by Rabbi Wendi Geffen
Thank you to Rabbi Phyllis Sommer (aka @imabima) for her wonderful #BlogElul endeavor, which provides Jewish bloggers a writing theme for each day of the month of Elul. This post combines themes of days five and six – trust and faith – because to me, they are, if not one and the same, integrally and inexorably tied together.
Tomorrow, my oldest child begins kindergarten, and I’m not sure who’s more nervous. My sweet, sensitive, 95-year-old-Jewish-man-trapped–in-the-body-of-5-year-old son has expressed numerous concerns, ranging from: “What if I don’t make friends?” to “Where will the bathrooms be?” I tell him not to worry, that it won’t be so different from his cherished preschool in my synagogue (where everyone knows him, where is he most comfortable outside of our home) – but I know it will be completely new and very different. He will not have the security blanket of teachers and staff who’ve known him since he was born, his small group of friends (none of whom will be in his kindergarten) or having me just down the hall in my office. And this is where my anxieties kick in: What if he really doesn’t make friends?! What if he really can’t find the bathroom?!
I know, I know. Every yoga class I’ve taken to every Wendy Mogel book or article I’ve taught in a parenting group instructs what I know I need to do: Take a deep breath, and as I exhale, let it all go: trust that he will make friends and find the bathroom, have faith that if he doesn’t, he’ll figure out solutions for himself and as a result, grow in a way that nurtures his self-confidence and faith. And if the real and best desire is for my son to grow and mature with self-sufficiency and grace, then as I exhale, I will have to unclench my hand from his and then let him go through that Kindergarten classroom door without me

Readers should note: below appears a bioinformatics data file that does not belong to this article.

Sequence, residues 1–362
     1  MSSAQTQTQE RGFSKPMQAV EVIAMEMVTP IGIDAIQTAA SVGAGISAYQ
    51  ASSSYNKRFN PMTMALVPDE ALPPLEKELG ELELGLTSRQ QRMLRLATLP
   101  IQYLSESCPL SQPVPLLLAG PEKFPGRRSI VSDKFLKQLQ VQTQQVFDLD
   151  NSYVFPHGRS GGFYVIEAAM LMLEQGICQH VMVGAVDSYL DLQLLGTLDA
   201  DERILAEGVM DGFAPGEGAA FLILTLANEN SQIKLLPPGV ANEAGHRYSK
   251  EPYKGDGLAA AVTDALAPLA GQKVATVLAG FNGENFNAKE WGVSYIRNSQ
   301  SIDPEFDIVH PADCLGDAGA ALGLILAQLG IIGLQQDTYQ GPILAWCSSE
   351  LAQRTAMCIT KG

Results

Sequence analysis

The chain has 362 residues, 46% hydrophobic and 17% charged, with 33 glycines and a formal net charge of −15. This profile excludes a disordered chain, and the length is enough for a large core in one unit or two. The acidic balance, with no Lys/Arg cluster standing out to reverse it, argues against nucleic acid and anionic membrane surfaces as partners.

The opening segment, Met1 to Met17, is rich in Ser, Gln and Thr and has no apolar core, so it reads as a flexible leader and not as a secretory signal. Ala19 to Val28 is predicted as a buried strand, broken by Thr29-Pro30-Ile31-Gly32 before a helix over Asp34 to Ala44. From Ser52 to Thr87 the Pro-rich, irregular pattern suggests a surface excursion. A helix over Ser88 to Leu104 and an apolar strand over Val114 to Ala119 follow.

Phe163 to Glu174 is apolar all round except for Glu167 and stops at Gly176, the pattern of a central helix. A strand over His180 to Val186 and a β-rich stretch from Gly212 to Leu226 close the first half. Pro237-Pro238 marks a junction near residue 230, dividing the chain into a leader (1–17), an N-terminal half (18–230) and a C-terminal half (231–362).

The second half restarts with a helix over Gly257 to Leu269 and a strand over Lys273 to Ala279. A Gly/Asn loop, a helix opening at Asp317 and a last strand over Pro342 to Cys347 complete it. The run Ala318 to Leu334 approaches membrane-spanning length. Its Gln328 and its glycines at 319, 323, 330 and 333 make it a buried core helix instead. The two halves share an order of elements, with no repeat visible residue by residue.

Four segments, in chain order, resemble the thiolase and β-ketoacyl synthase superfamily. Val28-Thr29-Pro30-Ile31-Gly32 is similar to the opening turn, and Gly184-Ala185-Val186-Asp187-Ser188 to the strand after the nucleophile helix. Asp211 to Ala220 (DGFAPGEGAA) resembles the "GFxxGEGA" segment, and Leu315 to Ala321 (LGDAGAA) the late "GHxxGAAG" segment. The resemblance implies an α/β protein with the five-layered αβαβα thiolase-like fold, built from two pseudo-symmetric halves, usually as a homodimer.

This is, of course, not just about kindergarten, and I hope it is not an issue limited only to me; it is yet another reminder that the sense of control to which many of us cling so tightly is nothing more than an illusion, perhaps even an idol, a false-god that ultimately only obstructs the real trust and faith we need to cultivate
There are a lot of words for trust and faith in Hebrew, but the one I like best is emunah. The root for emunah is AMN and a form of it (he’emin) is used in Torah to describe Avram’s faith and trust in God – a faith that culminates in a lengthy covenant statement. Of note is that the context of the covenant describes the promise of a great nation, but also includes the struggles that the people will go through – their significant oppression – and then their ultimate return
When we trust and believe, we are not trusting and believing that everything will go according to our preconceived plan or vision; rather, we are trusting and believing that regardless of what happens, we will be able to navigate whatever path we tread; that the bumps and potholes on the road might have the same or even a greater potential for holiness than the smooth paths along our way.
The famous Rabbi Samson Raphael Hirsch interpreted the word amen (derived from the same AMN root) in a most meaningful way. More than “so may it be,” Hirsch said: “Amen does not refer to the contents of the pronouncement, but to the person.” Really amen means “So may I be.”
Tonight, while putting my son to bed, we sang Shema and V’ahavta and then, given the onset of this new occasion, we sang Shehechiyanu. As we finished the word “ha’zeh,” I closed my eyes and took that deep breath. I prayed for the trust and faith to embrace this transition in our family and my son’s life, and for the insight to walk along this next pathway with presence but trust and faith in my son’s strength as well. ”So may I be,” and together we sang “amen.”
Rabbi Wendi Geffen serves North Shore Congregation Israel in Glencoe, IL.
Originally posted at Pri HaGeffen